GWG was negatively associated with LBW in our study. The Taiwan Health Promotion Administration has adopted IOM guidelines (12.5–18 kg for underweight BMI < 18.5; 11.5–16 kg for 18.5 < normal BMI < 25; 7–11.5 kg for 25 < overweight BMI < 30; and 5–9 kg for obesity BMI < 30) while retaining Taiwan’s standard of 10–14 kg in the maternal medical instruction booklet [19,41]. In this study, women with underweight and normal pre-pregnancy BMIs had a significantly higher probability of delivering an infant with LBW compared to the other two BMI groups. These findings are similar to those of Waits et al. (2021), who used a nationally representative sample in Taiwan. If the mother gained 16–18 kg during the pregnancy period, she would not be the recommended range according to the Taiwan Health Promotion Administration. Further evidence is needed to develop Taiwanese local GWG guidelines to decrease confusion among pregnant women and healthcare providers [42]. Several epidemiologic studies have consistently shown a linear and direct relationship between GWG and fetal growth and birth weight [43] and that Western diets consisting of sweets and fast food were associated with excessive GWG [44]. However, our study found that in the “processed” group, almost 55% had “insufficient” GWG. We hypothesized that women with a processed dietary pattern would demonstrate more suboptimal knowledge and unhealthy behaviors, thus decreasing GWG associated with LBW. Such behaviors were defined as altering the food’s natural state (e.g., eating blanched, cooked, canned, frozen, dried, dehydrated, mixed, and packaged food) and consuming foods high in preservatives, flavors, additives, and substances (e.g., salt, sugars, and fats) [7]. In China, 151 (46.2%) women reported insufficient GWG of 15.2–22.6% [16,45]. Similarly, a nationwide survey in Taiwan in 2016 demonstrated that 41.5% of women had insufficient GWG [41]. This finding is consistent with the well-established link between GWG and low birth weight at term, both of which were independently influenced by a processed maternal diet in our study.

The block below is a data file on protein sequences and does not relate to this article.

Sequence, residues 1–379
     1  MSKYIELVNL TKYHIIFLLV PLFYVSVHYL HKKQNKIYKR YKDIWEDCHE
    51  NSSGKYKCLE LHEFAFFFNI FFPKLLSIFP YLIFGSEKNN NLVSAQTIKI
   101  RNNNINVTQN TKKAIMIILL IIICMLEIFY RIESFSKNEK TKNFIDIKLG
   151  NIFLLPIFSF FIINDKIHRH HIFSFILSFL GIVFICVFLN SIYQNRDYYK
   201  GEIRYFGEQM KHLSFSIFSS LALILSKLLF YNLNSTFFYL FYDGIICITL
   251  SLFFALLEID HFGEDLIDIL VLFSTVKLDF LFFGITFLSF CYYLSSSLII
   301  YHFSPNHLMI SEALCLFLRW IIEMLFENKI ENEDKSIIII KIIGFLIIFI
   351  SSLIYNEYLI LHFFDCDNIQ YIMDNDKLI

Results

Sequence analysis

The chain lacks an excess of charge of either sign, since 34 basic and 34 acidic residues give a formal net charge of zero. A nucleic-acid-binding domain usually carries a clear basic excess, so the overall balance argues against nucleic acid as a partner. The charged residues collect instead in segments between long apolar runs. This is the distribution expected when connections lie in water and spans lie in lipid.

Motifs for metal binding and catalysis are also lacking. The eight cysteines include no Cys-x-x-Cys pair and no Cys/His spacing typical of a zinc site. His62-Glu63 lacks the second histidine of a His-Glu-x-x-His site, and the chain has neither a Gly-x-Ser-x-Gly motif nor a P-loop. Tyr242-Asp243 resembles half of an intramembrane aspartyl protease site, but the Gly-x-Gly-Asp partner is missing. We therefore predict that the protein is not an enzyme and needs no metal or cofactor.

However, the participants in our study indicated that the media encouraged pregnant women not to get fat, and doctors in the prenatal clinic often stated that additional body weight can increase birth complications. Their responses are supported by a Taiwan-based study that demonstrated pregnant women are often conflicted about weight gain, following traditions, and esthetic concerns related to body image [46]. A qualitative inquiry among Asian women revealed adherence to social expectations of body size not only during pregnancy but also throughout their adult life [47]. Future studies measuring GWG and LBW should consider more dimensions, such as social environment and medical factors.
Researchers found that there is a greater prevalence of LBW in Taiwan (8.9%) than in China (4.9%), Australia (6.5%), and the United States (8%) [14]. An earlier study found that the prevalence of LBW in Taiwan increased from 5.3% to 7.0% during 2011–2016 [41]. This high prevalence suggests a need for routine assessments and proper care to improve the quality of dietary care during pregnancy. Compared with younger women, older pregnant women had a higher level of education and were full-time employees, and their families had a higher socioeconomic status. In Taiwan, we need to encourage age-appropriate information on pregnancy and childbirth. A further study is needed to identify factors associated with a higher risk of LBW among older women.